The ultrabook category has clearly taken the market by storm – initially started as a standard defined by Intel as an answer to Apple’s Macbook Air, most PC manufacturers were very quick to build their own versions. The idea is simple – very light, subnotebook class machines which cost a little more than a standard machine. Most of these ultrabooks are now on their second generations, so they are better than ever.
But the problem with a standard like “Ultrabook” is that very quick manufacturers need to think of ways to differentiate their own products. A few ingredients are found everywhere – low power Intel processors, speedy solid state storage, and very thin bodies.
So what makes the Series 5 Ultra unique?
The Samsung Series 5 Ultra is built from a mixture of plastic and aluminium paneling, resulting in a very solid feeling notebook. While not as light as the Macbook Air, it definitely feels very solid. Closing the laptop also give a very reassuraing thunk sound. Kind of like the door of a German car.
The keyboard is amongst the best I have come across on a Ultrabook. Most Ultrabooks tend to have keyboards with very shallow travel, which makes it not great for long typing sessions. The Series 5’s keys are decently sized with no shrunken buttons you sometimes find on smaller machines.
The trackpad works well enough, and is decently sized. Seeing as Windows 8 is heavily dependent on gestures , it recognizes multiple finger sweeps without any problems.
The bottom of the machine is very simple and clean for a PC, and Microsoft has kept their stickers to a minimum on it (but Icasa did insist on sticking their regulatory on as well). But the bottom also has a removable panel which is not something you typically find on most Ultrabook devices. And one of the great advantages to this machine lies behind that panel.
The specs of the Series 5 Ultra (as tested) was a Core i5 3317-U processor running at 1.7 GHz, 4GB of RAM, and a 500GB hard drive. But the hard drive is technically not part of the Ultrabook spec, so Samsung uses a very clever trick. It uses a 24GB solid state cache storage that stores often accessed files for faster access. This means thing like booting Windows 8 happens very quickly – in our simple testing it booted up in 18 seconds flat.
The advantage to this setup is that you have a full 500GB of storage available for storing your movies, music and larger files. Compare that to other ultrabooks (Macbook Air, ahem) that only arrive with 64GB, 128GB or 256GB of storage if you are willing to spend a lot.
The other part we really like is that panel on the bottom of the machines. The user can upgrade the RAM easily to 8GB of RAM in 5 minutes. On our last check a 4GB RAM chips comes in at around R300 – R400, so it’s a pretty cheap upgrade as well.
The specs as shipped is pretty decent – in our tests we found that it performs admirably for a Windows 8 machine. In everyday use you hardly ever notice that the machine does indeed use a hard disk drive as well, except if you use applications that later get stored outside that 24GB flash storage. While not as fast as an all-flash drive, we found it a good compromise for the much needed extra space.
The screen is a 13.3 inch 1366 x 768 pixel screen which works well for everyday use, but the screen’s viewing angles are not up to the same standard as the Macbook Air. But then this screen is also behind a gorilla glass panel which is scratch resistant, but more importantly, touch enabled.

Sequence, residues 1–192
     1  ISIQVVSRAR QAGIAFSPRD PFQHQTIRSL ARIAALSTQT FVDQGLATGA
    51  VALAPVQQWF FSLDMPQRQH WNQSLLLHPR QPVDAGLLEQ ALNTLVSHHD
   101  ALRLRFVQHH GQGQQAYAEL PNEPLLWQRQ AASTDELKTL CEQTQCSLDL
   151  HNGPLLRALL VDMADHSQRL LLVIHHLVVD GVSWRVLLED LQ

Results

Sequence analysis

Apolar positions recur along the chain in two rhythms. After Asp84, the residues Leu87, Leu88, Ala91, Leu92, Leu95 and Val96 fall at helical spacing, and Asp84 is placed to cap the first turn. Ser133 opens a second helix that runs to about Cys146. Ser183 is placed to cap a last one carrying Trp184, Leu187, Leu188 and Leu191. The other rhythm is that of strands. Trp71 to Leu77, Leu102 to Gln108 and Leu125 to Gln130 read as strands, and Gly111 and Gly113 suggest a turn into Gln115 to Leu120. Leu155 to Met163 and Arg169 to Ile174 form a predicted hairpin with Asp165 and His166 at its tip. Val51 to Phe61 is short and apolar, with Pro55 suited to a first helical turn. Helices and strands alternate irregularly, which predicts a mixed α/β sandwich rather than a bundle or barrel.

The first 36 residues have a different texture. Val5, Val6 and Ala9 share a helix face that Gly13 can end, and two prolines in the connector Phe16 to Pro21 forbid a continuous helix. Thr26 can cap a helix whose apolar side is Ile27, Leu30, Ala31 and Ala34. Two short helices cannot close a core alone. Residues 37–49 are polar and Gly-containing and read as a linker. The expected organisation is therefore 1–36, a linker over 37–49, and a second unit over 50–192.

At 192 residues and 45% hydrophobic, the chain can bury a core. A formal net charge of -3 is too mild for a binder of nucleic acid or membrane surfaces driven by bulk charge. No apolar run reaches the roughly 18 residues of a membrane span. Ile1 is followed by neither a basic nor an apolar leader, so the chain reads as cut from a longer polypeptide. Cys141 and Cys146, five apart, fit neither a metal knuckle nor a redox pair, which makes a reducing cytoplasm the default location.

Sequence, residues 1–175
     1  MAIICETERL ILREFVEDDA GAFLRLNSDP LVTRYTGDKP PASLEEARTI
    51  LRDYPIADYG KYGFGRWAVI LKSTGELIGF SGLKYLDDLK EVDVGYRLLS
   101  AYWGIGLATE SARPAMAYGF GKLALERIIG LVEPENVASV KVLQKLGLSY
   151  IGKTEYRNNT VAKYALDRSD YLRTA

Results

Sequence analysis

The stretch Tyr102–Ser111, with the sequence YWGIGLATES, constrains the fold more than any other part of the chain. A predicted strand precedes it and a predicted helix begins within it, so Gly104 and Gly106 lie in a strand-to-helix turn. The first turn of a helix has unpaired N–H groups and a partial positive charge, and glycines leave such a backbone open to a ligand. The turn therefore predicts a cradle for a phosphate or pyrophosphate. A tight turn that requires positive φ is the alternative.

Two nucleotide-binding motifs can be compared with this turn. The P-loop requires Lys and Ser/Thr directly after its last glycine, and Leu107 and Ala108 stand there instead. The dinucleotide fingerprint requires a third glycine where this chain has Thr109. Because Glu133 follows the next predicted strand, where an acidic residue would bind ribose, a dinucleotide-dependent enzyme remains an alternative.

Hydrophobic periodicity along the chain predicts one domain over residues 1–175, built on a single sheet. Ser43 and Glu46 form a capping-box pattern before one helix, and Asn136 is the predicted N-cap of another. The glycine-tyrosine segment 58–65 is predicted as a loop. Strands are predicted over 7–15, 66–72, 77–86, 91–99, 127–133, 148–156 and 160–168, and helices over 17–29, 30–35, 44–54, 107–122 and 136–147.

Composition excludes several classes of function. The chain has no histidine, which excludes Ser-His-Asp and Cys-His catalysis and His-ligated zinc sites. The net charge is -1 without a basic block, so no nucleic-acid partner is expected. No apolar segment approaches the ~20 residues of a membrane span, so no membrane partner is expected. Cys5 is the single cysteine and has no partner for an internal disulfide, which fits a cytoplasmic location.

And therein lies one of my chief complaints of this machine – while some might view a touch screen laptop as a great idea, in practice it very loses its appeal. While flicking tiles around Windows 8 is great at first, a few things start to bother you. Firstly, your hand gets tired after using it a lot. So you quickly switch to the trackpad or do an awkward move with your elbow on the table, and finger on your screen. Not ideal.
Secondly your screen gets dirty – very quickly. If you are someone who gets irritated by people touching your computer screen, this time round you will only irritate yourself.
But finally I arrived at the part that bothered me most. Even with a soft (non-aggressive) touches, the screen bounces back against your finger and does a quick to-and-fro action.
So even though touch screens give an excellent demo, I quickly gave up on the touch idea on this machine. Your mileage might differ.
The other are where the Series 5 Ultra differentiates itself is with actual decent connectivity buttons.
Where machines like the Macbook Air dropping the Ethernet plug, the Series 5 Ultra has a cool flick down door that makes a network cable snap in without any trouble. Great for the business crowd who cannot quite convince IT yet to go Wifi only.
There is one USB 3 plug on the left, and two USB 2 plugs. In modern fashion the Series 5 Ultra also does away with the optical drive, but does still include a SD card reader.
The Samsung Series 5 Ultra Touch is a great machine with some fair compromises that aims to improve upon other Ultrabook standards. While Samsung has stuck to the Ultrabook specifications, they have made good design choices with things like the hybrid hard drive and the upgradable memory.
The problems is that in South Africa the Series 5 Ultra carries a steep price – RRP is around R14,000. Right now the machine comes in above its chief rival – the Macbook Air, but in the US the Series 5 actually significantly undercuts Apple’s offering.
While the Series 5 Ultra might suit many users a lot better than the Macbook Air, the Series 5 Ultra was clearly designed to be cheaper than the Macbook Air.
If you are adamant on having a touch screen, upgradable Ultrabook, the Samsung Series 5 Ultra Touch remains a great buy, despite the higher SA price.
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